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8.2: Batch Reactor

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  • In many chemical process industries, the continuous reactor is the most common type of chemical reactor. Petroleum refineries, for example, run day and night and units are shut down on rare occasions. However, small-scale operations are a different matter and economic considerations often favor batch reactors for small-scale systems. The fermentation process that occurs during winemaking is an example of a batch reactor, and experimental studies of chemical reaction rates are often carried out in batch systems.

    The analysis of a batch reactor, such as the liquid phase reactor shown in Figure \(\PageIndex{1}\), begins with the general form of the species mole balance

    \[\frac{d}{dt} \int_{\mathscr{V}_{a} (t)}c_{A} dV + \int_{\mathscr{A}_{a} (t)}c_{A} (\mathbf{v}_{A} -\mathbf{w})\cdot \mathbf{n} dA =\int_{\mathscr{V}_{a} (t)}R_{A} dV \label{22}\]

    The batch reactor, by definition, has no entrances on exits, thus this result reduces to

    \[\frac{d}{dt} \int_{\mathscr{V}(t)}c_{A} dV =\int_{\mathscr{V}(t)}R_{A} dV \label{23}\]

    Here we have replaced \(\mathscr{V}_{a} (t)\) with \(\mathscr{V}(t)\) since the control volume is no longer arbitrary but is specified by the process under consideration. In terms of the volume averaged values of \(c_{A}\) and \(R_{A}\), we can express our macroscopic balance as

    \[\frac{d}{dt} \left[\langle c_{A} \rangle \mathscr{V}(t)\right]=\langle R_{A} \rangle \mathscr{V}(t) \label{24}\]

    Figure \(\PageIndex{1}\): Batch reactor

    In some batch reactors the control volume is a function of time; however, in this development we assume that variations of the control volume are negligible so that Equation \ref{24} reduces to

    \[\frac{d\langle c_{A} \rangle }{dt} =\langle R_{A} \rangle \label{25}\]

    The simplicity of this form of the macroscopic species mole balance makes the constant volume batch reactor an especially useful tool for studying the rate of production of species \(A\). Often it is important that the batch reactor be perfectly mixed; however, we will avoid imposing that condition for the time being.

    As an example, we consider the thermal decomposition of dimethyl ether in the constant volume batch reactor illustrated in Figure \(\PageIndex{2}\). The chemical species involved are \(\ce{C2H6O}\) which decomposes to produce \(\ce{ CH4}\), \(\ce{H2}\) and \(\ce{CO}\).

    Figure \(\PageIndex{2}\): Constant volume batch reactor

    The visual representation of the atomic matrix is given by

    \[ \text{ Molecular Species}\to \ce{CH4} \quad \ce{H2} \quad \ce{CO} \quad \ce{C2H6O} \\ \begin{matrix} {carbon} \\ {hydrogen} \\ oxygen \end{matrix}\begin{bmatrix} { 1} & { 0} & {1} & { 2 } \\ { 4} & { 2} & {0} & { 6 } \\ {0} & { 0} & {1} & { 1 } \end{bmatrix} \label{26}\]

    and Axiom II takes the form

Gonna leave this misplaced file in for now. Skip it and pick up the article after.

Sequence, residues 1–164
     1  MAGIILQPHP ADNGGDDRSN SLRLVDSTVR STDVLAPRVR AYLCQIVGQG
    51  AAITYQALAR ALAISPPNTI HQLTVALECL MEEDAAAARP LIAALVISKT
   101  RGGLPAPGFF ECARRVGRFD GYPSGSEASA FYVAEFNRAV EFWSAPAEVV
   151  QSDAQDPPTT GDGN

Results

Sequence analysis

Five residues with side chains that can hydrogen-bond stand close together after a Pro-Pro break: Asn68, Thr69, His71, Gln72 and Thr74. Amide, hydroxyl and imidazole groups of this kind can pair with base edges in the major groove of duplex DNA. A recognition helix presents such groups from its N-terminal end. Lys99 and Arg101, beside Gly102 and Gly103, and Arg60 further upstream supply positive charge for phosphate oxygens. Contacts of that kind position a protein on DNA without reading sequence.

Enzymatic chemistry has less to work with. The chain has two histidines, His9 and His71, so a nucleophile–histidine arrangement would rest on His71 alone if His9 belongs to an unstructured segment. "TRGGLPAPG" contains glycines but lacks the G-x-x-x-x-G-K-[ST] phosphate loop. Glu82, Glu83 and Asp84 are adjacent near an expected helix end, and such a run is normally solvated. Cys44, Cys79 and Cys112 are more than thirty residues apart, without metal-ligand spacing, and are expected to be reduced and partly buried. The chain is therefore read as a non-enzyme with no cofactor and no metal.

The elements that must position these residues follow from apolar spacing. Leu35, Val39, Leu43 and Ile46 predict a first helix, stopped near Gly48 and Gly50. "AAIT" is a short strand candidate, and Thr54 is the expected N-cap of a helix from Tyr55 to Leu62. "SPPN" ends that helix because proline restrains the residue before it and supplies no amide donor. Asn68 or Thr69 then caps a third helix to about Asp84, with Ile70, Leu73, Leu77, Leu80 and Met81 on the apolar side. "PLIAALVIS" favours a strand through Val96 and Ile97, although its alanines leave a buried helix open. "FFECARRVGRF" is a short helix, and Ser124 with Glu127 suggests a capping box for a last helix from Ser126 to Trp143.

Axiom II: \[\begin{bmatrix} { 1} & { 0} & {1} & { 2 } \\ { 4} & { 2} & {0} & { 6 } \\ {0} & { 0} & {1} & { 1 } \end{bmatrix} \begin{bmatrix} {R_{ \ce{CH4} } } \\ {R_{ \ce{H2} } } \\ {R_{ \ce{CO}} } \\ R_{\ce{C2H6O}} \end{bmatrix} = \begin{bmatrix} {0} \\ {0} \\ {0} \\ {0} \end{bmatrix} \label{27}\]

    Making use of the row reduced echelon form of the atomic matrix and applying the pivot theorem given in Sec. 6.4 leads to

    \[\begin{bmatrix} {R_{ \ce{CH4} } } \\ {R_{ \ce{H2} } } \\ {R_{ \ce{CO}} } \end{bmatrix} = \begin{bmatrix} -1 \\ -1 \\ -1 \end{bmatrix} \begin{bmatrix} R_{\ce{C2H6O}} \end{bmatrix} \label{28}\]

    in which \(\ce{C2H6O}\) has been chosen as the pivot species. Hinshelwood and Asky3 found that the reaction could be expressed as a first order decomposition providing a rate equation of the form

    Chemical kinetic rate equation: \[R_{\ce{C2H6O}} =-k c_{\ce{C2H6O}} \label{29}\]

    If we let dimethyl ether be species \(A\), we can express the reaction rate equation as

    \[R_{A} =- k c_{A} \label{30}\]

    Use of this result in Equation \ref{25} leads to

    \[\frac{d\langle c_{A} \rangle }{dt} =- k \langle c_{A} \rangle \label{31}\]

    and we require only an initial condition to complete our description of this process. Given the following initial condition

    I.C. \[\langle c_{A} \rangle =c_{A}^{ o} , \quad t=0 \label{32}\]

    we find the solution for \(\langle c_{A} \rangle\) to be

    \[\langle c_{A} \rangle =c_{A}^{ o} e^{ - kt} \label{33}\]

    This simple exponential decay is a classic feature of first order, irreversible processes. One can use this result along with experimental data from a batch reactor to determine the first order rate coefficient, \(k\). This is often done by plotting the logarithm of \(\langle c_{A} \rangle /c_{A}^{ o}\) versus \(t\), as illustrated in Figure \(\PageIndex{3}\), and noting that the slope is equal to \(- k\).

    If the rate coefficient in Equation \ref{33} is known, one can think of that result as a design equation. The idea here is that one of the key features of the design of a batch reactor is the specification of the process time. Under these circumstances, one is inclined to plot \(\langle c_{A} \rangle /c_{A}^{ o}\) as a function of time and this is done in Figure \(\PageIndex{4}\). The situation here is very similar to the mixing process described in the previous section. In that case the characteristic time was the average residence time, \(\mathscr{V}/Q\), while in this case the characteristic time is the inverse of the rate coefficient, \(k^{-1}\). When the rate coefficient is known one can quickly deduce that the process time is on the order of \(3 k^{-1}\) to \(4 k^{-1}\).